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Object to reference conversion (C4239)

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I just cranked my compiler up from level 3 to level 4 warnings, and there's a lot of work here. One of the warnings pertain to something that I've really relied on: warning C4239: nonstandard extension used : 'argument' : conversion from 'Class' to 'Class &'. This is generated from something like.. Function( Vector(0,0,1), 2, 1 ); ..where the compiler wants.. Vector temp(0,0,1); Function( temp, 2, 1 ); Is it safe to ignore this warning? Or should I break out my chainsaw? Just looking for opinions.

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If it is nonstandard I think your only worry is portability to other compilers and OS's. I would prefer the second option because of that and because that's what the compiler is doing for you anyway.

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You need to change your prototype to
void Function(const Vector &v, int, int)
When you create the Vector inlined like that, it creates a constant object that can't be modified.

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Quote:
 Original post by KestIs it safe to ignore this warning?

It is rather rare that you want to ignore any warnings. If they could be ignored, the compiler probably wouldn't bother warning you about them.

CM

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Quote:
 Original post by AbsolutionIf it is nonstandard I think your only worry is portability to other compilers and OS's. I would prefer the second option because of that and because that's what the compiler is doing for you anyway.

I don't mind typing it out. I was just a little worried that one of the billion places I rely on this working won't be as simple.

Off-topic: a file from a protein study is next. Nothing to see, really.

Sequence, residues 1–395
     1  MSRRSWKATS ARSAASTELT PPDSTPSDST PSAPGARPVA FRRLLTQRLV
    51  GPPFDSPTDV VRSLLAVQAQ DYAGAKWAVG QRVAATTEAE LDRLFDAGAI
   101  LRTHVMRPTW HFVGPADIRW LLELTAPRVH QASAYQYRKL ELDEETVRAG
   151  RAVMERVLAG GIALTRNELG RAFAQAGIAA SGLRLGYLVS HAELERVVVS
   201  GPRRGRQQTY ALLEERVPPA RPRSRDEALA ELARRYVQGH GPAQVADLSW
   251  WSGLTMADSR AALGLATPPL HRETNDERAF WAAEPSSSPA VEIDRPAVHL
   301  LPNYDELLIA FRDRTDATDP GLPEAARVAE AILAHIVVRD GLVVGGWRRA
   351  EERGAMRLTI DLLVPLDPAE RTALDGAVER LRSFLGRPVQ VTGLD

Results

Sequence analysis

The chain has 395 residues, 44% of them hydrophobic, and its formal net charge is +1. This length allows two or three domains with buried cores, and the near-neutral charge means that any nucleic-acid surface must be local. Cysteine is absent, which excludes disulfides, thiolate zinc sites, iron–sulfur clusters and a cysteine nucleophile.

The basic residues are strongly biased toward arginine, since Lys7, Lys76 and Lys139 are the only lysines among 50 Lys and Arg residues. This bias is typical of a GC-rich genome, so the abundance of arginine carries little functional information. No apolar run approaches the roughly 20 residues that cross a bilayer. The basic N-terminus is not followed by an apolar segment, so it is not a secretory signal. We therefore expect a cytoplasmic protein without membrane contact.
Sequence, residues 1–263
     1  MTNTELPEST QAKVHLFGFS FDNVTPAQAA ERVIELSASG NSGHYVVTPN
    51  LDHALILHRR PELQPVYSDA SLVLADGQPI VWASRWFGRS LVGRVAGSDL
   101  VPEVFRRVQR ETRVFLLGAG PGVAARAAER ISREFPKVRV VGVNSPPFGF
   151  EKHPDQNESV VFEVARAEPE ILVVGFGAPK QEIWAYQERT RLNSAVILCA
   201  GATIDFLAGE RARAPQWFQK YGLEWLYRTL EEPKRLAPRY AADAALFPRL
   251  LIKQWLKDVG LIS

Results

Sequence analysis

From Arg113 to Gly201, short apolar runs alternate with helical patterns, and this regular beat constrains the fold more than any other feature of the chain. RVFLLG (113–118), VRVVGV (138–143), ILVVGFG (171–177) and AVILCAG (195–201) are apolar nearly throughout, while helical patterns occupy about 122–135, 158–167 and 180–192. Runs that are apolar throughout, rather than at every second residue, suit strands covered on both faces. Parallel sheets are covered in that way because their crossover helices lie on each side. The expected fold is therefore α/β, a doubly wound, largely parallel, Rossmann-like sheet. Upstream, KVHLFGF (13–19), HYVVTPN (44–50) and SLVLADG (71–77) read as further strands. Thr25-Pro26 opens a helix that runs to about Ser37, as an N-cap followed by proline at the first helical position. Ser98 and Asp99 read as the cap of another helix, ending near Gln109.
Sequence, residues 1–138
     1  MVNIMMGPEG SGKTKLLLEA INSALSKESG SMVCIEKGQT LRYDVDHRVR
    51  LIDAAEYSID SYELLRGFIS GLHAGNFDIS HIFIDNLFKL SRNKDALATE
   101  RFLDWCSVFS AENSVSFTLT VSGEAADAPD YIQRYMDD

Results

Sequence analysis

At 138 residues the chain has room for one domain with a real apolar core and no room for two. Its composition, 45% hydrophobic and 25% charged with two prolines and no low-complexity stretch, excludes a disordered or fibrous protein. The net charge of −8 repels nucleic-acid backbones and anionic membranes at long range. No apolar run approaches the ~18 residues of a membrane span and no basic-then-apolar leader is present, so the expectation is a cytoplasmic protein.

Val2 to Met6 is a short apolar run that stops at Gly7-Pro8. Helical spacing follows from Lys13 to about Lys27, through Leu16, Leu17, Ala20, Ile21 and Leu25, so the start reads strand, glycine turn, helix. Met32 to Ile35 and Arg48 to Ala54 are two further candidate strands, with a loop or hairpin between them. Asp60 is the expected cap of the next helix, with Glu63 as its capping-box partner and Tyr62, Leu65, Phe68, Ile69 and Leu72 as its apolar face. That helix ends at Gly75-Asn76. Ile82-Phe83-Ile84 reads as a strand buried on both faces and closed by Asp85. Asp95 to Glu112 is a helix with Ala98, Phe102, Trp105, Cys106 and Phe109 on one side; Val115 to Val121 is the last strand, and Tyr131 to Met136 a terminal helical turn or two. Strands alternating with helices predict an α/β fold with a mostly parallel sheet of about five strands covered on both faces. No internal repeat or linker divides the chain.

Quote:
 Original post by scottdewaldYou need to change your prototype tovoid Function(const Vector &v, int, int)When you create the Vector inlined like that, it creates a constant object that can't be modified.

My vector class does work that way. I invented the example code. But I didn't realize the const would resolve this issue. That means the majority of my code will be okay, then.

My real warning code for this situation used a class that works like a universal file-source. When objects are loaded, instead of accepting a filename, they accept a "plug". They load data from the plug, and the plug can pull that data from different sources. So my real code looks like this..

void Class::Create(Plug &plug, const Buffer *buf);
void Class::Create(const char *filename, const Buffer *buf) { return Create( Plug( filename ), buf ); }

But knowing the const rule is a big help. I don't mind declaring outside of function params for only non-const objects. Thanks for that.

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You have non-standard compliant code, temporaries and literals can only be bound to constant references, so if you still want to pass temporaries/literals directly to functions use a constant reference or pass by value.

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Quote:
Original post by Conner McCloud
Quote:
 Original post by KestIs it safe to ignore this warning?

It is rather rare that you want to ignore any warnings. If they could be ignored, the compiler probably wouldn't bother warning you about them.

CM

As far as I understand it, the functionality itself is safe, isn't it? The object becomes invalid once the function call returns. It's impossible to access it afterwards, because it has no handle.

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As scottdewald pointed out, compiler complains because your code is not const-correct. You pass constant object to a function where non constant object is expected. Natural response from compiler is to create non static copy on the stack(so code works) a issue warning because of this.

MaR

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And a boat-load of information on cost-correctness:

http://www.parashift.com/c++-faq-lite/const-correctness.html

http://www.possibility.com/Cpp/const.html

http://www.linuxjournal.com/article/7629

http://www.cprogramming.com/tutorial/const_correctness.html